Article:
International Human Rights Day

International Human Rights Day was held on December 10, 2012 all around the world. Personally, it seems more appropriate to have December as International Human Rights Month, because of all the reasons people complain, fight and celebrate in December. You ask yourself; “When was the last time I celebrated or even gave a thought about Pearl Harbor Day, which is December 7th?” Many people think only about Christmas and birthdays in December and how in less than a week later a new year will begin.
This year, Boston celebrated being a Human Rights City on December 10, 2012. Human Rights City Boston & Beyond, The Green Rainbow Party, Survivor’s News/Survivor’s Inc., The Disability Law Center, HUD and several other individuals came together to meet at Boston City Hall at noon to talk to and listen to City Councilor Charles Yancey speak about what Human Rights was about. Things started off with Theodore (Ted) Chelmow and Chaun Renaud of Survivor’s Inc. and Human Rights City Boston & Beyond doing introductions and speaking to the crowd of about 40 people in Boston City Hall’s The Curley Meeting Room on the fifth floor across from several of the city councilors’ offices. Michael Caine from HUD spoke briefly about why he and his organization was helping Human Rights City Boston & Beyond by supporting their events throughout the year. The event was very peaceful and respectful.
Ted introduced Mel King to the crowd, and Mel gave a nice speech. But the day wasn’t about Mel; it was about Dottie Stevens and how she, Mel, Debbie Ferretti, Diane Dujon and Yancey fought to make Boston a Human Rights City. Ted, Chaun, Mary, and other people fought hard to make Boston a Human Rights City alongside of Dottie, Mel and the hundreds of people that we don’t see every day. They fought for our right to have safe and secure housing, clean water and education. They are still continuing to fight for our rights here in Boston and throughout the state of Massachusetts.
Out of one hundred Rights listed in the Declaration of Human Rights, the group and I read one of thirty articles that were listed in The Declaration of Human Rights Manual/Book. Yancey read the Declaration of Human Rights in its entirety before he told us about how inspirational Mel King was to him and how he met Mel. He told us another person that he looked up to was Dottie Stevens; he was enamored with her strength when it came to all the things that she’s done over the years. It was because of that strength that he was presenting her with a copy of The Declaration of Human Rights. She has been a force to be reckoned with over the years. She’s picked her battles and won them. She’s been there at events when Mel King and the other powerhouses were marching alongside Dr. Martin Luther King Jr., Rosa Parks and the many others who’ve fought long and hard for our civil rights and our human rights. Dottie is the founder, Editor and owner of Survivor’s News/Survivor’s Inc. which is geared toward empowering women of low-income. She is one of the founders of Human Rights City Boston & Beyond and she helps The Green Rainbow Party from time to time. Dottie fights mainly for women’s welfare rights but she’s done a lot more over the years.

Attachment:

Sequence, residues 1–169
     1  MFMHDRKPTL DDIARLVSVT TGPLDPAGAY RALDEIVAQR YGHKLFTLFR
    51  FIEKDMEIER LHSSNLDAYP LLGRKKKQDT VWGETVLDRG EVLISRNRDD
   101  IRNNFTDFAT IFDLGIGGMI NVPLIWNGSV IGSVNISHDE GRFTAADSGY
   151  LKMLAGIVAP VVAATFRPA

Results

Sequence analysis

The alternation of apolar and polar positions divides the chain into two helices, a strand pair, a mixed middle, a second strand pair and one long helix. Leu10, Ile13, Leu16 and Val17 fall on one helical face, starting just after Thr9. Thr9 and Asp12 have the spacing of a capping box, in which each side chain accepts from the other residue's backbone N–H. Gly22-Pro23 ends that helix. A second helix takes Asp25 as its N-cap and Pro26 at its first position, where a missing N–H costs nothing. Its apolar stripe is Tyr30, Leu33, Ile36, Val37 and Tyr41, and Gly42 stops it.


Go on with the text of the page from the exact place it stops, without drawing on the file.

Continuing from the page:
International Human Rights Day has been a part of Boston for two years now but it’s been celebrated in other countries before coming to Boston Massachusetts and the rest of the United States. It is a day to remind people of the fact that they have rights which are only able to be taken from them by God. Your God, whatever his or her name is, gave you human rights at the time of your birth when your God gave you life. Some people say to themselves; “I had rights when I was born! Wow, that’s amazing — I didn’t know that!” Everybody is born with the same rights. The right to safe and secure housing, safe and healthy foods, a decent paying job, and there are many other rights that we obtain as we get older such as the right to fair and equal education, the right to determine if we want to have children or not, the right to own a gun for protection or not, the right to choose how our body is used, the right to vote and the right to fair justice if we have any criminal problems whether they’re major or minor crimes.
Remember people: just because you’re okay this season doesn’t mean that everybody else is. In Sandy Hook, Connecticut, they are finishing having funerals for 28 people who died on December 14th, 2012. In foreign countries as well as here in the United States children and adults are starving to death and being killed simply because they’re different from somebody else. There are people who can’t sleep nice and happily tonight or any other night because they are hiding from people who are fighting a war over something stupid such as land, drugs, weapons, oil, ores, different ideas, food, education, religious beliefs and the list goes on. They hide in caves, underground, they travel at night only so that soldiers won’t find them and kill them. While we’re celebrating Happy Happy Joy Joy Christmastime; there are Billions of people who are not because they can’t unless they want to starve to death or be killed for having fun. There are over 7,000 people here in Massachusetts alone every year that can’t celebrate because they’re homeless, living on the streets in their cars, an abandoned building or they’ve some other issue going on to prevent them from having fun. While we’re enjoying our rights, they are not, because they don’t know how to stand up for their rights in order to obtain what they were born with in the first place.

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